New dino species is only the 4th ever found in Zimbabwe

An artist's illustration of the new dinosaur species. (Credit: Atashni Moopen)

A completely new sauropodomorph dinosaur has been identified in Zimbabwe. The discovery is only the fourth dinosaur species discovered in that country.

Long-necked herbivorous dinosaurs are known as sauropodomorphs. They were a group of mainly bipedal dinosaurs that lived some 210 million years ago in the Late Triassic.

Kimberley (Kimi) Chapelle, assistant professor in the anatomical sciences department in the Renaissance School of Medicine at Stony Brook University, is part of the international team of scientists that discovered and identified the find, named Musankwa sanyatiensis.

The discovery of Musankwa sanyatiensis is particularly significant as it is the first dinosaur to be named from the Mid-Zambezi Basin of northern Zimbabwe in more than 50 years. The fossil follows only these previous dinosaur discoveries in the region: Syntarsus rhodesiensis in 1969, Vulcanodon karibaensis in 1972, and Mbiresaurus raathi in 2022.

Musankwa sanyatiensis is represented by the remains of a single hind leg, including its thigh, shin, and ankle bones.

A leg bone of the new dinosaur species sticks out of red dirt.
Musankwa sanyatiensis leg bones as they were discovered in the ground on Spurwing Island, Lake Kariba, Zimbabwe. (Credit: Paul Barrett)

An evolutionary analysis reveals that Musankwa sanyatiensis was a member of the Sauropodomorpha, which were widespread during the Late Triassic. The dinosaur appears to be closely related to contemporaries in South Africa and Argentina. Weighing in at around 390 kilograms or about 850 pounds, the plant-eating Musankwa sanyatiensis, one of the larger dinosaurs of its era, dwelled mostly in swamp areas, the researchers say.

“Despite the limited fossil material, these bones possess unique features that distinguish them from those of other dinosaurs living at the same time,” says Chapelle, who helped excavate the specimen and was present at the field site on the day when Musankwa sanyatiensis was discovered in 2018.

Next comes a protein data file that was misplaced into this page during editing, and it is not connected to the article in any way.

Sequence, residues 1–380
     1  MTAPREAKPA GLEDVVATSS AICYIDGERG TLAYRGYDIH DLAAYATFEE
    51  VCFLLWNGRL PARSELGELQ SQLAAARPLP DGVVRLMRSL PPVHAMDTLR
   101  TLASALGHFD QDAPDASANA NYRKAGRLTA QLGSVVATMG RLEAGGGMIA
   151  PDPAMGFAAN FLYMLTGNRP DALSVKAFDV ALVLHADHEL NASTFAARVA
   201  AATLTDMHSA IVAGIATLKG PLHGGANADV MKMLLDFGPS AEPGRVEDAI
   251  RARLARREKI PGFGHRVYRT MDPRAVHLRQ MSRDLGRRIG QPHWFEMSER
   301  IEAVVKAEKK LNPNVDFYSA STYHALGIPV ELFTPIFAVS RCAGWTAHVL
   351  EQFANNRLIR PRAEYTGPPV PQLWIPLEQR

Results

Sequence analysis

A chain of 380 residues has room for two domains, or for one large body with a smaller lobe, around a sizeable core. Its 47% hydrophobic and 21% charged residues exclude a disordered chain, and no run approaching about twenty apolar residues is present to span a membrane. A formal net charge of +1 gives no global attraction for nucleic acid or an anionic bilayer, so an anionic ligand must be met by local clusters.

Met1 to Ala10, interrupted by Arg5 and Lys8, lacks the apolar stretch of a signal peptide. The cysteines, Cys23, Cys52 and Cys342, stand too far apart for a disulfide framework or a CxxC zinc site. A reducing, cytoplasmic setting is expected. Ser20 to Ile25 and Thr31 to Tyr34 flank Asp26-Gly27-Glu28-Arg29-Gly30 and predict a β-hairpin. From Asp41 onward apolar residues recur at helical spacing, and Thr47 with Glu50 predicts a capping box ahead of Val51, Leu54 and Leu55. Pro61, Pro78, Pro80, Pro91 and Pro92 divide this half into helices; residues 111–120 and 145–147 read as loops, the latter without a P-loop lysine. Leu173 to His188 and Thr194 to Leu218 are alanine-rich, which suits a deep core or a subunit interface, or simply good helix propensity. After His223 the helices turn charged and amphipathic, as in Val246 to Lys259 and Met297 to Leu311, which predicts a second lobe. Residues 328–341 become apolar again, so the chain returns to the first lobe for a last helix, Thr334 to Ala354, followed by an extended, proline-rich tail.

Once the fossil had been micro-CT scanned, Chapelle processed the data and did the digital reconstructions of Musankwa sanyatiensis. She also assisted in describing the dinosaur and determining its position on the dinosaur family tree through phylogenetic analysis.

The fossil was named Musankwa sanyatiensis after the houseboat “Musankwa.” In the Tonga dialect, “Musankwa” means “boy close to marriage.” This vessel served as the research team’s home and mobile laboratory during two field expeditions to Lake Kariba in 2017 and 2018.

An artist's illustration shows the new dinosaur species having a long neck, two powerful hind legs, and small arms.
Artist reconstruction of Musankwa sanyatiensis, walking in Triassic shallow waters past a metoposaur. (Credit: Atashni Moopen)

While Africa itself has a long history of dinosaur discoveries, there have been few in Zimbabwe and in that region of the continent. Lead author Paul Barrett, a professor from the Natural History Museum of London, explains that the likely reason for this is “undersampling,” as fewer paleontologists have searched though the region compared to other regions in countries around the world.

“Over the last six years, many new fossil sites have been recorded in Zimbabwe, yielding a diverse array of prehistoric animals, including the first sub-Saharan mainland African phytosaurs (ancient crocodile-like reptiles), metoposaurid amphibians (giant armored amphibians), lungfish, and other reptile remains,” Barrett says.

“Based on where it sits on the dinosaur family tree, Musanwka sanyantiensis is the first dinosaur of its kind from Zimbabwe,” adds Chapelle. “It, therefore, highlights the potential of the region for further paleontological discoveries.”

The authors believe that as more fossil sites are explored and excavated, there is hope for uncovering further significant finds in Zimbabwe and other regions that will shed light on the early evolution of dinosaurs and the ecosystems they inhabited.

The study appears in the journal Acta Palaeontologica Polonica.

Source: Stony Brook University